A pome is an accessory fruit composed of one or more carpels surrounded by accessory tissue. The accessory tissue is interpreted by some specialists as an extension of the receptacle and is then referred to as "fruit cortex", and by others as a fused hypanthium it is the most edible part of this fruit.
The carpels of a pome are fused within the "core". Although the exocarp, mesocarp, and endocarp of some other fruit types look very much like the skin, flesh, and core respectively of a pome, they are parts of the carpel (see diagram). The exocarp and mesocarp of a pome may be fleshy and difficult to distinguish from one another and from the hypanthial tissue. The endocarp forms a leathery or stony case around the seed, and corresponds to what is commonly called the core. The shriveled remains of the sepals, style and stamens can sometimes be seen at the end of a pome opposite the stem, and the ovary is therefore often described as inferior in these flowers.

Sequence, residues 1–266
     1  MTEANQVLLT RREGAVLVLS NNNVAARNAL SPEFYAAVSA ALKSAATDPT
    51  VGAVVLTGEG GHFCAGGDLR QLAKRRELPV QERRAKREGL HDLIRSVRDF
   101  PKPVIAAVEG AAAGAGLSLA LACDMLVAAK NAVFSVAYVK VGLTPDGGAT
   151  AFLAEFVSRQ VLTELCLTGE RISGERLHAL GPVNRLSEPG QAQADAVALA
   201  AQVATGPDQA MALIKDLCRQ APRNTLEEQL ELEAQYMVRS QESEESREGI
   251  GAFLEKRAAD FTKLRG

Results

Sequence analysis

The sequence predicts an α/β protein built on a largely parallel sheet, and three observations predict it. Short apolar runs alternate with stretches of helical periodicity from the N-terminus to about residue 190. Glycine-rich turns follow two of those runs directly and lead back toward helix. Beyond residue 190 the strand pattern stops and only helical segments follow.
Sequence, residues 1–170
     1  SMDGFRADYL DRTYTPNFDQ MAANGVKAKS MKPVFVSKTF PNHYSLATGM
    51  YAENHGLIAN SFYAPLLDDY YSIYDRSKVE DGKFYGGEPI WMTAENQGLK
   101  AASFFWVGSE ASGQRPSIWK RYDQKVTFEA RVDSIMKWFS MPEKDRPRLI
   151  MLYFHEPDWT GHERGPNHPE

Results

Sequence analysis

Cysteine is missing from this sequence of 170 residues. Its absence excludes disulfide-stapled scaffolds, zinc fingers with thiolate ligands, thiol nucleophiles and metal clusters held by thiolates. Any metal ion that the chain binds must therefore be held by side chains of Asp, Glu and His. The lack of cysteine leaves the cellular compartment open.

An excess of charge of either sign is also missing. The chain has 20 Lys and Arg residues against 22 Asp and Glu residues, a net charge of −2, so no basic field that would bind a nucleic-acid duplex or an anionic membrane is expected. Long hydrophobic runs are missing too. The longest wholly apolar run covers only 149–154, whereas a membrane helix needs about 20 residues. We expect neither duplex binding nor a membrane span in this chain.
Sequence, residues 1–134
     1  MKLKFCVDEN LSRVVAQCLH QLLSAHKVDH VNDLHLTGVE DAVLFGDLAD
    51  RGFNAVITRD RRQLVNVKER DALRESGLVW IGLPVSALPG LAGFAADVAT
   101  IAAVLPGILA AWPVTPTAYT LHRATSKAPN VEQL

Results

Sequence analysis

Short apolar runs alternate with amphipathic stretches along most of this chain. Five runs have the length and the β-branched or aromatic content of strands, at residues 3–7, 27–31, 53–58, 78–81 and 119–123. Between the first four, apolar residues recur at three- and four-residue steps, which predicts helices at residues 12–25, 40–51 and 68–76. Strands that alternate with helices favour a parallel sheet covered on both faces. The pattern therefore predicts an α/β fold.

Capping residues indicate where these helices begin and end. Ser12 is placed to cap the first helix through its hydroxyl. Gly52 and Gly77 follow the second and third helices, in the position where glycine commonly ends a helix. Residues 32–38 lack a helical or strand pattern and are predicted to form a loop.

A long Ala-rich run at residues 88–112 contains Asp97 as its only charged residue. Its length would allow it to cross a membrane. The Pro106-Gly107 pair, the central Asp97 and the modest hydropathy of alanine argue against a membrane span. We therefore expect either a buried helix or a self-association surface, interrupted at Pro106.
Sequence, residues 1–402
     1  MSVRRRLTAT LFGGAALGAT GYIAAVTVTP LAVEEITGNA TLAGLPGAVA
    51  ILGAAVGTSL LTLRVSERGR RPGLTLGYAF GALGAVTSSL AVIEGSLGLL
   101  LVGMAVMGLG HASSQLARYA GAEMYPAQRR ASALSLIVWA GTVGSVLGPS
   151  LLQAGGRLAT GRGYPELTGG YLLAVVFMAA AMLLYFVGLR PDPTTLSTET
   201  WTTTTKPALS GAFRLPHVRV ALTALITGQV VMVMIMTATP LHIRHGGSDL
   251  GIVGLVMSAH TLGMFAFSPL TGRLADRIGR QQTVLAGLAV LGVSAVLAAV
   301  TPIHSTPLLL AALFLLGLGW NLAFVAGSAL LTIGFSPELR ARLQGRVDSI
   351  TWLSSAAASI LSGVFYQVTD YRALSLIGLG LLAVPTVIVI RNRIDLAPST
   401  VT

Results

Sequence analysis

The best-known example of a pome is the apple. Other examples of plants that produce fruit classified as a pome are cotoneaster, hawthorn, loquat, medlar, pear, pyracantha, toyon, quince, rowan, and whitebeam.
Some pomes may have a mealy texture (e.g., some apples); others (e.g., Amelanchier) are berry-like with juicy flesh and a core that is not very noticeable.
The origin of pome came from the Middle English, fruit, from Anglo-French pume, pomme apple, fruit, ultimately from Late Latin pomum. First use, 15th century.